hand, disputes about the degree of relevance or accuracy (above this minimum
threshold) may go to the testimony’s weight, but not its admissibility. Knight v. Kirby
Inland Marine Inc., 482 F.3d 347, 351 (5th Cir. 2007); Moore v. Ashland Chem. Inc., 151
F.3d 269, 276 (5th Cir. 1998) (en banc).

The CAFC cited Georgia-Pacific:

To support his royalty calculation, Wagner adjusted the baseline royalty rate of
($96) using the factors set out in Georgia-Pacific Corp. v. U.S. Plywood Corp., 318 F.
Supp. 1116, 1120 (S.D.N.Y. 1970)3


At their heart, however, Microsoft’s disagreements are with
Wagner’s conclusions, not his methodology. Daubert and Rule 702 are safeguards
against unreliable or irrelevant opinions, not guarantees of correctness. We have
consistently upheld experts’ use of a hypothetical negotiation and Georgia-Pacific
factors for estimating a reasonable royalty.


In making sales, Wagner
explained that Microsoft’s biggest competitor is always itself: Microsoft has to convince
consumers to purchase new versions of its products, even if they already have a
“perfectly good” copy of an older version. To incentivize users to upgrade, Wagner
testified that Microsoft included new features at no additional cost, making it difficult to
value the new features.


The existence of other facts, however, does not mean that the facts used
failed to meet the minimum standards of relevance or reliability. See Fed. R. Evid. 702
advisory committee’s note. Under Rule 702, the question is whether the expert relied
on facts sufficiently related to the disputed issue.


As the Supreme Court explained in Daubert, “[v]igorous cross-examination,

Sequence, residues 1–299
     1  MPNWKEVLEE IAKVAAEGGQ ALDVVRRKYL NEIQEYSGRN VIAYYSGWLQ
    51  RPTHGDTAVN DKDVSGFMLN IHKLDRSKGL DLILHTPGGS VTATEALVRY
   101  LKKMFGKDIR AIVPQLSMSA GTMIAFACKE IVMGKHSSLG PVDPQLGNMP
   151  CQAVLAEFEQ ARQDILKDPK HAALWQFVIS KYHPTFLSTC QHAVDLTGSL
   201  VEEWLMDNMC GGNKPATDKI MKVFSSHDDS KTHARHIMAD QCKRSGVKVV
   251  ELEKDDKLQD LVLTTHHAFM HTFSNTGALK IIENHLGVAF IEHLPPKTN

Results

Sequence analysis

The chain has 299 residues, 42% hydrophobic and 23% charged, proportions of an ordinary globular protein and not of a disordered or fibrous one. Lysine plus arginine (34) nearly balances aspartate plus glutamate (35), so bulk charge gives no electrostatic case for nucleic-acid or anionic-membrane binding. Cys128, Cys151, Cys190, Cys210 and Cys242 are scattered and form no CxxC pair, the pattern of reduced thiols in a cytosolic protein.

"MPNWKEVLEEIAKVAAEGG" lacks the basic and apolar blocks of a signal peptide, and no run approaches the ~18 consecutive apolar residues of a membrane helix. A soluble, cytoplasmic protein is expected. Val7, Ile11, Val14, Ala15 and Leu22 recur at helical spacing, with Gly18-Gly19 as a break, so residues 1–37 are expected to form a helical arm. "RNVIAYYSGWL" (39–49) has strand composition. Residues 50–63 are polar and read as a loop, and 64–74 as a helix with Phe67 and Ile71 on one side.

presentation of contrary evidence, and careful instruction on the burden of proof are the
traditional and appropriate means of attacking shaky but admissible evidence.” 509
U.S. at 596. Microsoft had these opportunities, and ably availed itself of them.
Microsoft presented expert testimony and attacked the benchmark, survey, and
calculation’s reasonableness on cross-examination. Cf. Micro Chem., 317 F.3d at

As to the injunction against Microsoft concerning Word:

The scope of this injunction is narrow, however. It applies only to users who
purchase or license Word after the date the injunction takes effect. Users who
purchase or license Word before the injunction’s effective date may continue using
Word’s custom XML editor, and receiving technical support.


While we conclude that the injunction’s effective date should have been five
months, rather than sixty days, from the date of its August 11, 2009 order, we affirm the
district court’s issuance of a permanent injunction and otherwise affirm the injunction’s
scope. Below, we address each factor in turn.


Accordingly, we modify the injunction’s effective date from “60 days from the date of this
order” to “5 months from the date of this order.” Cf. Canadian Lumber Trade Alliance v.
United States, 517 F.3d 1319, 1339 n.22 & 1344 (Fed. Cir. 2008) (modifying an
injunction’s terms on appeal); Forest Labs., Inc. v. Ivax Pharms., Inc., 501 F.3d 1263,
1271-72 (Fed. Cir. 2007) (modifying an injunction’s terms on appeal). The injunction’s
effective date is now January 11, 2010.

See also

Questionable news coverage of i4i and Microsoft

The Washington Post noted:

But there also seems to be solid evidence that Microsoft knew about i4i's work before adding these features to Word.


So here's the upshot: Microsoft spends some time and money removing a feature most people don't use but doesn't have to stop selling its product, i4i gets a moment in the headlines and a decent payday, patent lawyers rack up billable hours, and most consumers never notice the difference.